[UPDATE] NVSA 2011--Systems and Archives.

full name / name of organization: 
Northeast Victorian Studies Association
contact email: 

*NVSA solicits submissions for its annual conference; the topic this year is SYSTEMS AND ARCHIVES.* The conference will take place at the University of Maryland: April 15-17, 2011. The keynote speakers will be: Bernard Lightman, Paul Saint-Amour, and Catherine Robson.

The Northeast Victorian Studies Association calls for papers considering the ways Victorians organized information, knowledge, concepts, phenomena, and materials. They classified, categorized, connected, synthesized, and unified; they constructed technological, conceptual, and theoretical systems; they archived historical records and artifacts. This year's conference will take up that Victorian systematizing, its forms of organization and its explanatory structures. What kind of systems and systematic thinking were developed in the period? What is distinctive about Victorian approaches to systems? How and why did Victorians arrange, record, and store information? What are the metaphors of systems? What kind of subjects generated archives and what were the principles of organization? What constitutes an archive and is an archive always a system? And how and why were systems resisted? We especially seek papers that reflect upon the nature, conceptions, and representation of systems and archives.

Topics may include:

Institutional, Political, and Social Systems

- Class

- Education

- Political economy

- Imperial systems

- Religion

- Finance and Banking

- Penal systems

- Corporations

- Parliamentary system

- Judicial systems

- Land tenure system

- Systematic Theology

- The Poor Law

- Moral systems and systems of belief

- Resistance to such systems

Technological Systems

- Railway

- Sewage

- Electrical system

- Mechanical systems

- Telegraph

Disciplines and/as Systems

- Systems in sociology: Herbert Spencer

- Anthropology systems, e.g. kinship,

- Mathematics

- Psychology and systematic understandings of the mind

- Systems in the sciences:

Electro-magnetic systems

Biological systems

Bodily systems, e.g. nervous system, neural system, digestive system, reproductive system, the human as system

Solar and stellar systems

Medical systems

Environmental systems

Systems of natural formations---glacier, geological, etc.

Motion of material systems---dynamics

Zoological systems

Chemical systems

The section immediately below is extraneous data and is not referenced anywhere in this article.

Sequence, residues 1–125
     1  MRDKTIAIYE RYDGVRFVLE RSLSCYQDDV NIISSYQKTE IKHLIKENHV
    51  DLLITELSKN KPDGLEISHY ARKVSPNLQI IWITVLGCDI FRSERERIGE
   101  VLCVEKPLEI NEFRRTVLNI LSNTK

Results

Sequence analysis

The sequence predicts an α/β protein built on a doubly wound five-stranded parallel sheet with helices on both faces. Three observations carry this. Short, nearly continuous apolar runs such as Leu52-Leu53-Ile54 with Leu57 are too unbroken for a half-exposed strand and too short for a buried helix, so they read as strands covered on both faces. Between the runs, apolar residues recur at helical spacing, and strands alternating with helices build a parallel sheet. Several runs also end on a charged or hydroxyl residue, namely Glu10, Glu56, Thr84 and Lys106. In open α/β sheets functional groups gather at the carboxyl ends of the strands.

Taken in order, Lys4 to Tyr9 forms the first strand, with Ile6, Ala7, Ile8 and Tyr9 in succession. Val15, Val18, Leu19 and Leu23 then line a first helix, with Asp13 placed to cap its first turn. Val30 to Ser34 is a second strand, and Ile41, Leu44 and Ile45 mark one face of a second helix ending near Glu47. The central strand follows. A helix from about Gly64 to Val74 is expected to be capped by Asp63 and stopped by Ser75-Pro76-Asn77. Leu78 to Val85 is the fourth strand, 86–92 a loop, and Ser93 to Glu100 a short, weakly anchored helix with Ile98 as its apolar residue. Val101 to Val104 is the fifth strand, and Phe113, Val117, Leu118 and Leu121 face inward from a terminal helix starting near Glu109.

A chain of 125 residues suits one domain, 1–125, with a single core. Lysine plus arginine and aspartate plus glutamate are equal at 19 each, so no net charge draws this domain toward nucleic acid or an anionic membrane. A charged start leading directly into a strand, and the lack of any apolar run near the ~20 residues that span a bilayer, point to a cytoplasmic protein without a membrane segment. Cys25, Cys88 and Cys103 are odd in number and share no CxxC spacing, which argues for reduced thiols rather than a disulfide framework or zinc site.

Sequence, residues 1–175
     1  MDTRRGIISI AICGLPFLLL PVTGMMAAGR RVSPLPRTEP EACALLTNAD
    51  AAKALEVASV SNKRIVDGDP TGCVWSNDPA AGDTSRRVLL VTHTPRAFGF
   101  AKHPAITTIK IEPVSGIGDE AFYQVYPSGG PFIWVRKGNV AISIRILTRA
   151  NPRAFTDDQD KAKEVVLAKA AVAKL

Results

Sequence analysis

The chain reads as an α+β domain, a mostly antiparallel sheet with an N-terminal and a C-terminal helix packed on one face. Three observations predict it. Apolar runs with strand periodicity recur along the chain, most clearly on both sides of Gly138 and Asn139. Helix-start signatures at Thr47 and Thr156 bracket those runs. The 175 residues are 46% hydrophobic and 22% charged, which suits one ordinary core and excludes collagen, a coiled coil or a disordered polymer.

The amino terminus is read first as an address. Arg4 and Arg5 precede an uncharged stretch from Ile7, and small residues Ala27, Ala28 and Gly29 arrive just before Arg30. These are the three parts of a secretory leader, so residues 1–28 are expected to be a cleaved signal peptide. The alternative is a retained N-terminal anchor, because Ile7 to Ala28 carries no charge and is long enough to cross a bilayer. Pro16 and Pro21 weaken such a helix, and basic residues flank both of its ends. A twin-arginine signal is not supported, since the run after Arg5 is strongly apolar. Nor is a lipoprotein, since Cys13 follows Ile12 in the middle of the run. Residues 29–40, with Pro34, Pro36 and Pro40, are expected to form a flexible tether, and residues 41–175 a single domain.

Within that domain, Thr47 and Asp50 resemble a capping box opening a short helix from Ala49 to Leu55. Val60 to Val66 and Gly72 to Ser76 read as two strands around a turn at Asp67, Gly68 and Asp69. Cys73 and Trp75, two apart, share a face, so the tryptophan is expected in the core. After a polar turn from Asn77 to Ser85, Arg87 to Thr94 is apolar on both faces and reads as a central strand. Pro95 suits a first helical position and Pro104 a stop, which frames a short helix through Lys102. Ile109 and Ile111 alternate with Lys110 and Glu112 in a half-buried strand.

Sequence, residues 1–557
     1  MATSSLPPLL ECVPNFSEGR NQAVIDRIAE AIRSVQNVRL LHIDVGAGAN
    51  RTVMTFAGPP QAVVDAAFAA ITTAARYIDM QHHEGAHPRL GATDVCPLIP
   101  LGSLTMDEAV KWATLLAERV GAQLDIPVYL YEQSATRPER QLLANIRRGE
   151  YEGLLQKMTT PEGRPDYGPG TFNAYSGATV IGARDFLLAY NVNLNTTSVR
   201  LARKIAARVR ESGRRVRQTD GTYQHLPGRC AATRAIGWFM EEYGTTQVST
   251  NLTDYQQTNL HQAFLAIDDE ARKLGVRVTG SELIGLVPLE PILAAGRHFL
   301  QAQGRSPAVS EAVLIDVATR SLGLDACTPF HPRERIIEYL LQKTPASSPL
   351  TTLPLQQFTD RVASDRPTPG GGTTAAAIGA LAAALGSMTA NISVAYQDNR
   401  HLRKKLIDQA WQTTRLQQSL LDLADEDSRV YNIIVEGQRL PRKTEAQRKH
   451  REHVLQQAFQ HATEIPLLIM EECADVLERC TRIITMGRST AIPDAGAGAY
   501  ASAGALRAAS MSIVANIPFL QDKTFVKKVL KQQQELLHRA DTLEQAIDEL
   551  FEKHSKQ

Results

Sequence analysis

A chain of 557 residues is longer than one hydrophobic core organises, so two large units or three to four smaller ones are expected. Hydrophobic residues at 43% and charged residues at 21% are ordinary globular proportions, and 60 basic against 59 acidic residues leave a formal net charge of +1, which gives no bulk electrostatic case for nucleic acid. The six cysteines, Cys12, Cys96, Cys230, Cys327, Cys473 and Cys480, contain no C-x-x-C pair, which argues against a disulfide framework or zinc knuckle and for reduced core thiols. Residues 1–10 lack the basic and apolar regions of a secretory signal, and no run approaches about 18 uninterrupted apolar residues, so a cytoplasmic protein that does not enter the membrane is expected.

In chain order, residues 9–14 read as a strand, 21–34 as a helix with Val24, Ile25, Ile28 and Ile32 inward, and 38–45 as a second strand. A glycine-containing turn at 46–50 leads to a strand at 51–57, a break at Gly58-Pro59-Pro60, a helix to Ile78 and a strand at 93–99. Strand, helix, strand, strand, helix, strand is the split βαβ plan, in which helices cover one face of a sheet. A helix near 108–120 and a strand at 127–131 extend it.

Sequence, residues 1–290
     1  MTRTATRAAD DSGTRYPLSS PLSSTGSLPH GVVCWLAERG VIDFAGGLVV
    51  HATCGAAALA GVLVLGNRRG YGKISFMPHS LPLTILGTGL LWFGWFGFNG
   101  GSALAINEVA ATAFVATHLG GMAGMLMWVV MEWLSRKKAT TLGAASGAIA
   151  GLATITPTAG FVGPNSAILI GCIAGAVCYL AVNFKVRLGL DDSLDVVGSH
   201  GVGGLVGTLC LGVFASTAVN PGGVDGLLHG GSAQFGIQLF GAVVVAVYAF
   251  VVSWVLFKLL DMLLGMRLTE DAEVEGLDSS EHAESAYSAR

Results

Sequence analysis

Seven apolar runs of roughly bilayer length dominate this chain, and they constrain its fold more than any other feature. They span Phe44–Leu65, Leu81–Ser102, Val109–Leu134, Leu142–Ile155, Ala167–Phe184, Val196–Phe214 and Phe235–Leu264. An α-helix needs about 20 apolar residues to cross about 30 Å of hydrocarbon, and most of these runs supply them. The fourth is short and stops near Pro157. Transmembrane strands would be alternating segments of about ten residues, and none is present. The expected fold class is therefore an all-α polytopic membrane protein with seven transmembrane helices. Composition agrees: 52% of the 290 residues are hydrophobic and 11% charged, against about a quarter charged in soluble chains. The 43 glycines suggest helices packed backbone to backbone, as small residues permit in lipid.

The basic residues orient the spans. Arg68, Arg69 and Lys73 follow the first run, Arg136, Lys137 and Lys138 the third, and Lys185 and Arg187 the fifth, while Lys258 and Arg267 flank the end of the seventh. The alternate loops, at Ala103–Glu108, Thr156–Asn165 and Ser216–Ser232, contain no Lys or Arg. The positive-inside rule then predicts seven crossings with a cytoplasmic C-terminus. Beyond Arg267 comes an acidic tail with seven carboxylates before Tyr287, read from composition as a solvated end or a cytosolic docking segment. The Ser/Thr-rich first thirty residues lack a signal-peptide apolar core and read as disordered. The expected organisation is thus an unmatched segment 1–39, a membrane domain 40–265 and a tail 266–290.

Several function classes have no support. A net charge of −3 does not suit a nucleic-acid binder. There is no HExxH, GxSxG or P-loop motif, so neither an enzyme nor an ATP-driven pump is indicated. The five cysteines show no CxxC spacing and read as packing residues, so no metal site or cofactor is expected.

Botanical systems


Literary Systems

- Versification

- Systems of classifying fiction; realist, sensation, etc.

- Philology

- Linguistics

Systems of Representation and the Representation of Systems

- Numerical systems

- Braille

- Linguistic systems

- Shorthand systems

- Monetary systems

- Systems of logic

- Chemical notation

- Diagrams and charts

- What are the metaphors of systems---e.g., organicist and mechanical, equilibrium and entropy

- What role did the natural sciences play in Victorian conceptualizing of systems?

Systematic Theorists and System Builders

e.g., J. S. Mill, Karl Marx, Herbert Spencer, George Henry Lewes, William Whewell, Henry Mayhew, John Henry Newman, Bernard Bosanquet , Auguste Comte.

Systems and Anti-systems

- Paranoia and conspiracy

- Design vs. coincidence

- Anarchy

- Satires of systematic thinking, e.g. Dickens

Victorian Archives

- Who had archives and why?

- What did the Victorians collect and how did they organize those materials?

- Zoos and gardens as imperial archives

- The archive of others/the other as archive

- The relationship between museums and archives

Contemporary Archives and the Victorian Period

- How do we organize, collect, and store Victorian texts? How do our archives affect our understanding of the period?

- Electronic archives and systems, e.g. ProQuest, Google Books.

Archives and History/Archives and Theory

- The rise of archival research in history: what is specifically Victorian about archival systems?

- What did Foucault do to our notion of archives and knowledge systems and what does a post-Foucauldian notion of the archive look like?

The Media of Archives

- What counts as archival evidence?

- Permanent versus ephemeral archives

- Sound technology

- Photography

Proposals (no more than 500 words) by Oct. 15, 2010 (e-mail submissions only, please): Professor Tanya Agathocleous, Chair, NVSA Program Committee, tagathoc@hunter.cuny.edu.

Please note: all submissions to NVSA are evaluated anonymously. Successful proposals will stay within the 500-word limit and make a compelling case for the talk and its relation to the conference topic. Please do not send complete papers, and do not include your name on the proposal. Please do include your name, institutional and email addresses, and proposal title in a cover letter. Papers should take 15 minutes (20 minutes maximum) so as to provide ample time for discussion.

For information about NVSA membership and travel grants, please visit the NVSA website at http://nvsa.org/